An Assessment of Solid Waste Management System in Chandigarh City, India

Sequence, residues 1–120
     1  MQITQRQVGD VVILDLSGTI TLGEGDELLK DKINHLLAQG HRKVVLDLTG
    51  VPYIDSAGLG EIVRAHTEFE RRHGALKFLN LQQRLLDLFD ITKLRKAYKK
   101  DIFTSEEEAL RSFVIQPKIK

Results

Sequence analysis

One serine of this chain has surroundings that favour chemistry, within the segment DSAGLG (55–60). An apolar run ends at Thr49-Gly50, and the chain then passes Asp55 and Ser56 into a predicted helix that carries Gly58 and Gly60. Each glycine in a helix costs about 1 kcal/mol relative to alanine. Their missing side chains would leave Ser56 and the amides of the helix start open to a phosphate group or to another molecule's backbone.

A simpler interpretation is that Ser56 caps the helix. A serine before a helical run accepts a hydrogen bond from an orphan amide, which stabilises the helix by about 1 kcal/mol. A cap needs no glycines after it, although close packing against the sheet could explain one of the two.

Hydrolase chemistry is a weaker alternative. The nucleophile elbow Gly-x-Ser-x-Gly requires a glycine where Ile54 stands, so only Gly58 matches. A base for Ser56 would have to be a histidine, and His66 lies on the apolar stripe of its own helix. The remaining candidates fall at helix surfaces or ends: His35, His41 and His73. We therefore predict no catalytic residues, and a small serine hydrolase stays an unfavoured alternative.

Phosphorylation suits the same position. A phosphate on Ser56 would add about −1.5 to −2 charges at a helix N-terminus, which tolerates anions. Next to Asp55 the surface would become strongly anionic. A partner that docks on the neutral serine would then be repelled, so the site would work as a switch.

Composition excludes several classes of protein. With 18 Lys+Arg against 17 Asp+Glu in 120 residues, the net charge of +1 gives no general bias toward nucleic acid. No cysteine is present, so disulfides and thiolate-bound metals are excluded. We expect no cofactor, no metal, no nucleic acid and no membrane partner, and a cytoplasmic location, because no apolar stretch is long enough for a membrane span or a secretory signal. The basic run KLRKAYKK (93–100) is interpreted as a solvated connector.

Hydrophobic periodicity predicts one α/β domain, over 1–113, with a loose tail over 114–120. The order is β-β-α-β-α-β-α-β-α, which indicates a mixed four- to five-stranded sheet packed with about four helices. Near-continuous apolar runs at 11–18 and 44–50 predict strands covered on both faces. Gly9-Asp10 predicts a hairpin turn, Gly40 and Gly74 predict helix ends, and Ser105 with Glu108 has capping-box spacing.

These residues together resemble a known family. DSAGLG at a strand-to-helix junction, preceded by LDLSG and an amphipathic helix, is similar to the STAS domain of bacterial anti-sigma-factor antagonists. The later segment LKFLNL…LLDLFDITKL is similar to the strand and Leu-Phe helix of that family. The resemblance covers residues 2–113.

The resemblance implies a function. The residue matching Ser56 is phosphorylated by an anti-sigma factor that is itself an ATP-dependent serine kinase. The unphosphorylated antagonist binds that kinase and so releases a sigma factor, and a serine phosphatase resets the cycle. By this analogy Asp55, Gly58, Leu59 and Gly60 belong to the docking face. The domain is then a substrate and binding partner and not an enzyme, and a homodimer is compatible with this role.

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An Assessment of Solid Waste Management System in Chandigarh City, India Rishi Rana, Rajiv Ganguly*, Ashok Kumar Gupta Department of Civil Engineering, Jaypee University of Information Technology, Waknaghat, District Solan, Himachal Pradesh, India * Corresponding author. e-mail address: firstname.lastname@example.org ABSTRACT The present study aims at providing an overview of the existing solid waste management practices in Chandigarh, a top tier II city in India and suggests solutions to some of the major problems being faced by the existing system. An average of 370 tons/day of solid waste is generated in Chandigarh municipal corporation area. The budget allocated for the financial year 2013-2014 to the Chandigarh municipal corporation for management of solid waste generated was INR 5737.49 crores (US$9 million) which was insufficient. Chandigarh is the first city in India developed in a planned manner which has helped in developing a comparatively better solid waste management in comparison to other Indian cities. About 80% of total SWM budget is allocated for salary of sweepers and rag pickers and only about 7-8% is allocated for collection purposes, the collection efficiency is about 70% from registered households and 20% from the slums and surrounding villages. Certain deficiencies have been identified in the existing solid waste management system in Chandigarh. This includes lack of suitable trained manpower, inappropriate collection routes and often unavailability of collection vehicles. Further, insufficient number of bins and bin capacity at different locations often leads to overflow of waste. A public private partnership has been implemented for producing refuse derived fuel from solid waste which reduces some load on the designated landfill site. It’s an unsanitary landfill lacking proper lining system which leads to percolation of leachate thereby contaminating groundwater sources in and around Chandigarh city. The paper also presents the ‘waste-aware’ benchmark indicators for integrated sustainable waste management in Chandigarh. KEYWORDS: municipal solid waste management, landfill, Refuse Derived Fuel, Waste-aware benchmark parameters INTRODUCTION Developed countries face serious environmental challenges concerning solid waste management due to rapid urban development. The increasing population and improved standard of living in cities and urban areas have led to the generation of varied categories of wastes. Due to urbanization, population growth, industrialization, and economic growth, a trend of increase in municipal solid waste (MSW) generation has been recorded worldwide in major cities (Punjab Pollution Control Board (PPCB), 2010). The annual waste generation has been showing increasing trend in proportion to the rise in population and urbanization (PPCB, 2010, Mor et al., 2006). Further, municipal solid waste (MSW) generation in terms of kg/capita/day has shown a positive correlation with economic development on a global scale (Ahmad et al., 2008). - 1547 -